An Algorithmic Information Theory Critique of Statistical Arguments for Intelligent Design, arXiv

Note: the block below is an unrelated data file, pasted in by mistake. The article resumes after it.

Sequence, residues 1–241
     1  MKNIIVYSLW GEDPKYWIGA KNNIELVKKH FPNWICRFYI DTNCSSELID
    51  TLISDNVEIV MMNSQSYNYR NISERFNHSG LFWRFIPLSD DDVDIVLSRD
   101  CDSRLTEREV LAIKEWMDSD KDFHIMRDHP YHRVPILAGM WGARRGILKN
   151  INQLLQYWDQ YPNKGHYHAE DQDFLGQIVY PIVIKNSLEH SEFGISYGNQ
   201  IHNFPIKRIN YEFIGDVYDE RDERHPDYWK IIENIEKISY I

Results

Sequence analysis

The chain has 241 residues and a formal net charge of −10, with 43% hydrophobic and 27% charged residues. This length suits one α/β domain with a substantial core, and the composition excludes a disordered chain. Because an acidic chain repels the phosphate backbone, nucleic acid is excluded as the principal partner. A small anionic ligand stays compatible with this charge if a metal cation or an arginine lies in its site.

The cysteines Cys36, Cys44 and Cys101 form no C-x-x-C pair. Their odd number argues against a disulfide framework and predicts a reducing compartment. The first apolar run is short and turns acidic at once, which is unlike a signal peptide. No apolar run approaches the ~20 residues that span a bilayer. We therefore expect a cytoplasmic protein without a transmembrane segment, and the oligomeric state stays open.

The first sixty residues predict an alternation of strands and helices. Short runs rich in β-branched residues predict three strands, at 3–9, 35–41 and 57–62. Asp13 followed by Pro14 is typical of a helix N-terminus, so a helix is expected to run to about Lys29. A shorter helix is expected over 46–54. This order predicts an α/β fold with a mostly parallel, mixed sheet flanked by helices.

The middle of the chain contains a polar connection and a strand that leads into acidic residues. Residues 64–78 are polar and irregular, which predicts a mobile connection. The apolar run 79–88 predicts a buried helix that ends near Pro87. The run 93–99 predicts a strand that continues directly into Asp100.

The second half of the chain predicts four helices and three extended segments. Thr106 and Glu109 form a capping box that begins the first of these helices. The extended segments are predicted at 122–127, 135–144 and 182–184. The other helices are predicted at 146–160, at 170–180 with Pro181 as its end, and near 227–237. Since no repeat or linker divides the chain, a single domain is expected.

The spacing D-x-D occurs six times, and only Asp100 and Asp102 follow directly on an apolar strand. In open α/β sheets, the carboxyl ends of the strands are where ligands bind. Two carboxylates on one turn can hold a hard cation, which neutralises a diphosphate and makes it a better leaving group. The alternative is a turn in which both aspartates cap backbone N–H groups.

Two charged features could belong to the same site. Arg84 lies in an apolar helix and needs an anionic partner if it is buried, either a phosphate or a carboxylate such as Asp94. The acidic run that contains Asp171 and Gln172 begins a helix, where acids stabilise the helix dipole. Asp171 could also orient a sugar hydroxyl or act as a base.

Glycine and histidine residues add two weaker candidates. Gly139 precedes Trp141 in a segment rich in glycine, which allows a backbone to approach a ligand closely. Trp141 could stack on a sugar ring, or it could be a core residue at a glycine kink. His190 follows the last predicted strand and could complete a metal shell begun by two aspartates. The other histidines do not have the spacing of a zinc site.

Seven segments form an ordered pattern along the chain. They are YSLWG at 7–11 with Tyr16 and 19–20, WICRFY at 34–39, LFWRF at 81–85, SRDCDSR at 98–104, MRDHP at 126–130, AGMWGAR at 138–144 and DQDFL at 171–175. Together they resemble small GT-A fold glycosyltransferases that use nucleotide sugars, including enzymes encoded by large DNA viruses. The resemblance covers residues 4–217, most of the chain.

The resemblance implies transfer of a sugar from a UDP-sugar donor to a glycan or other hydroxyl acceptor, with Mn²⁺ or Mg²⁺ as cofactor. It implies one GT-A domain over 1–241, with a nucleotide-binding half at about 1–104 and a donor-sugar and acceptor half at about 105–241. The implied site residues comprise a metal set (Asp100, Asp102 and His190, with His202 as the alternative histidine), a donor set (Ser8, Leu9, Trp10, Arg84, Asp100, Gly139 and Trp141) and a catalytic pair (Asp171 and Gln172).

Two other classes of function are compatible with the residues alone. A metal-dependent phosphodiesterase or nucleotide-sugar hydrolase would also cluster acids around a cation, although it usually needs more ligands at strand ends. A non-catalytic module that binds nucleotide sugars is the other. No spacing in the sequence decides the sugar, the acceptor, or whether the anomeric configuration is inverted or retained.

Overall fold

In a number of books and articles including "The Design Inference" and "No Free Lunch", W. Dembski claims to have established a robust decision process that can determine when observed structures in the natural world can be attributed to design. Dembski's decision process first asks whether a structure as an outcome can be explained by the regularity of natural laws. If not, and the outcome can be "specified", a randomness test is devised to determine whether an observed low probability outcome indicates design. It is argued in this paper that the Dembski test is unworkable and is better formulated in terms of a Martin Loef universal randomness test. A universal randomness test will show that most observed outcomes in the natural world are non random; they are highly ordered. However this does not necessarily demonstrate design, as the decision is not between chance and design, but between natural laws and design. The Dembski decision template, which eliminates natural processes in the first decision step, is flawed, forcing a design outcome when none is warranted. Dembski also introduces a 4th law of thermodynamics, the law of conservation of information to argue information cannot emerge from random processes. However if a more robust measure of information based on algorithmic entropy is used, the so called 4th law is seen to contain no more than the second law of thermodynamics. In conclusion, despite the good intentions, the approach fails to offer any new insights into the adequacy of evolutionary theory and should not be regarded as demonstrable science.